Stake­hold­ers’ letter


Dear Readers

2019 will be remembered as a year of change. It started with young people demonstrating, but concerns about the climate and the en­vi­ron­ment are now being discussed by society as a whole and have therefore found their way onto the political agenda. As Switzer­land’s leading telecom­mu­ni­ca­tions and IT company, this is both a stimulus and a challenge for Swisscom. On the one hand, we see these de­vel­op­ments as confirming our efforts to act responsibly towards the en­vi­ron­ment, people and society, which is something we have been doing with persistence and meticulousness for over 20 years. On the other hand, however, this newly awakened en­vi­ron­mental awareness has also given rise to fears and scepticism about the tech­no­log­i­cal progress that is being made in mobile com­mu­ni­ca­tions. Swisscom takes these concerns about health and well-being seriously. We see it as our duty to enter into dialogue with the relevant stake­hold­ers, to play an active part in research into new tech­nolo­gies, and to ensure transparency.

We are, however, convinced that tech­no­log­i­cal progress will help to overcome and solve many of today’s challenges. Com­mu­ni­ca­tion tech­nolo­gies and IT, together with state-of-the-art networks and in­fra­struc­tures, are the key tech­nolo­gies of the future. Swisscom therefore invests around CHF 1.6 bil­lion in network upgrades each year in Switzer­land alone, which is fully in line with our vision of shaping the future in a networked world and making the op­por­tu­ni­ties this opens up available to everyone. It is, however, something we can only bring about if business and society agree on the path that should be taken and if the tech­nolo­gies employed are accepted. This is something we will need to work hard to achieve in the coming years.

What specifically have we achieved over the past calendar year?

  • Focus on energy efficiency: Swisscom is devoting all of its efforts to further improving the energy efficiency of its networks, buildings and vehicles. It uses electricity from 100% renewable energies and is constantly working on improving the energy efficiency of its networks, e.g. through the use of more efficient cooling systems. It also promotes climate-friendly ICT ap­pli­ca­tions for col­lab­o­ra­tion anywhere and at any time, for remote monitoring and optimisation of vehicles, machinery and buildings, and for more climate-friendly cities.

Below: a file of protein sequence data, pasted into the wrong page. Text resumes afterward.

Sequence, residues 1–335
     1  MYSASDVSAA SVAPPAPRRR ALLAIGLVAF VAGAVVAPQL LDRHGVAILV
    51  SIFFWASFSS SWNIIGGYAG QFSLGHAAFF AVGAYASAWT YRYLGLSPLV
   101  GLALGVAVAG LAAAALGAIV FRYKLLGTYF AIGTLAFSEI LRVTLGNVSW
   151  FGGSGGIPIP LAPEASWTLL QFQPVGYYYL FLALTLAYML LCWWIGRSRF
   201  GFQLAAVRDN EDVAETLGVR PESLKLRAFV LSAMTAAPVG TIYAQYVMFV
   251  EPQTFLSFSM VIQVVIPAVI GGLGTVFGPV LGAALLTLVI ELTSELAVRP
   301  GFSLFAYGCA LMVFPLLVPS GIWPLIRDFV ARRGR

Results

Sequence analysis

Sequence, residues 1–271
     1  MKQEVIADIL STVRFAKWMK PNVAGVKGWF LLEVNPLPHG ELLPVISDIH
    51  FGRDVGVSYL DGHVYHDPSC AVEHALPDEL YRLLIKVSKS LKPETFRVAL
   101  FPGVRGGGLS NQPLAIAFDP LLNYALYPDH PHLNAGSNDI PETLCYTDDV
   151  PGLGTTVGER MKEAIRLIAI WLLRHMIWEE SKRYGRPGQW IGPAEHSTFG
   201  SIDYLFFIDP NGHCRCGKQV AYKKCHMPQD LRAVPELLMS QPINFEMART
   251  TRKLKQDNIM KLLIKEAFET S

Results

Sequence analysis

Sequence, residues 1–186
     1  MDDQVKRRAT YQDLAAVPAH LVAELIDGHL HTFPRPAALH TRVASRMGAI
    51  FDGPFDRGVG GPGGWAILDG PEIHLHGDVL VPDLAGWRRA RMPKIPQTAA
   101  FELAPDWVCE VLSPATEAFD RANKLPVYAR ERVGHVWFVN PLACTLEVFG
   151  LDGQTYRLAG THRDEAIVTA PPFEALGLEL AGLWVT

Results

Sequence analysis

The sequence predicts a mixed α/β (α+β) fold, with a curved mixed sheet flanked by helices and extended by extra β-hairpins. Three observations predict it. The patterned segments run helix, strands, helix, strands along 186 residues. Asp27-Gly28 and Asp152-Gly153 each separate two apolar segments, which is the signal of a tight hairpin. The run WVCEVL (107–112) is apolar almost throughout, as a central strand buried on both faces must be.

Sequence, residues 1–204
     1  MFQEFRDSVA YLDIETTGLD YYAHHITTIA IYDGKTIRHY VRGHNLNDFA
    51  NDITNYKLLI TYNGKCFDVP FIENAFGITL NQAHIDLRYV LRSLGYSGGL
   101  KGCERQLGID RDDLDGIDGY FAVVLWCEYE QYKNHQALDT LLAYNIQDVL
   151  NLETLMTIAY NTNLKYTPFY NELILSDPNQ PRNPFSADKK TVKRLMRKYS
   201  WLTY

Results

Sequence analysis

• Empowering people: Swisscom aims to exploit the op­por­tu­ni­ties and potential of technical networking. For many years, it has been committed to ensuring that users have the necessary skills to get the most out of the Internet, e.g. by offering courses for around 43,000 pupils, parents and teachers and ICT courses for senior citizens, all the while emphasising the accepted wisdom that communicating face to face will always remain the best form of com­mu­ni­ca­tion.
  • In­fra­struc­ture is the key: In 2019, Swisscom con­tin­ued to push ahead with broad­band expansion in Switzer­land. Thanks to Swisscom, around 74% of all Swiss homes and offices are now connected to ultra-fast broad­band, with speeds of more than 80 Mbps. Around 67% of all homes and offices enjoy con­nec­tions with speeds of more than 100 Mbps. In the field of mobile tele­phony, the nationwide coverage of the 4G/LTE network extended to 99% of the Swiss population by the end of December. 97% of the population is able to surf the Internet at speeds of up to 300 Mbps, over 72% at speeds of up to 500 Mbps, and some 27% at speeds of 700 Mbps. In addition, Swisscom rolled out its 5G network and is one of the first providers worldwide to offer fully stan­dard­ised 5G networks. Furthermore, we also supplied more than 280 Alpine businesses with electricity and fast Internet, and provided 4,900 schools with fast and secure Internet free of charge.
  • Committed to dialogue: Swisscom is convinced that the new 5G mobile com­mu­ni­ca­tions standard will become the cornerstone of mobile digitisation. However, 5G tech­nol­ogy – in Switzer­land in particular – also serves as a surface upon which fears about health, the right to control the use of personal data, security and jobs are projected, despite the fact that 5G is only a further de­vel­op­ment of the tech­nol­ogy we are already familiar with. In specific terms, the fifth generation of mobile com­mu­ni­ca­tions uses familiar fre­quen­cies and signal characteristics but more powerful antennas and software. In addition, 5G tech­nol­ogy is several times more energy efficient per amount of data transported than previous generations and allows intelligent ap­pli­ca­tions to make our society more sustainable, which makes 5G essential.

Should we have paid more attention to public sensibilities when announcing 5G in the public domain? The answer is crystal clear: Yes. For example, we failed to take the op­por­tu­nity to inform the public of 5G’s unrivalled energy efficiency or its numerous ap­pli­ca­tions when it comes to managing complex systems – and therefore of the op­por­tu­ni­ties it brings for climate protection. We have an obligation in this regard.

Swisscom remains committed to ensuring that people in our country can take ad­van­tage of the op­por­tu­ni­ties and pro­spects offered by digitisation in a simple and effective way. This is the guiding principle on which the timetable for our sustainability work up to 2025 is based. We want to help people, the en­vi­ron­ment and Switzer­land as a whole progress con­ve­niently, securely and profitably.

Kind regards


Stefan Nünlist

Head of Group Com­mu­ni­ca­tions & Responsibility


Res Witschi

Head of Sus­tain­abil­ity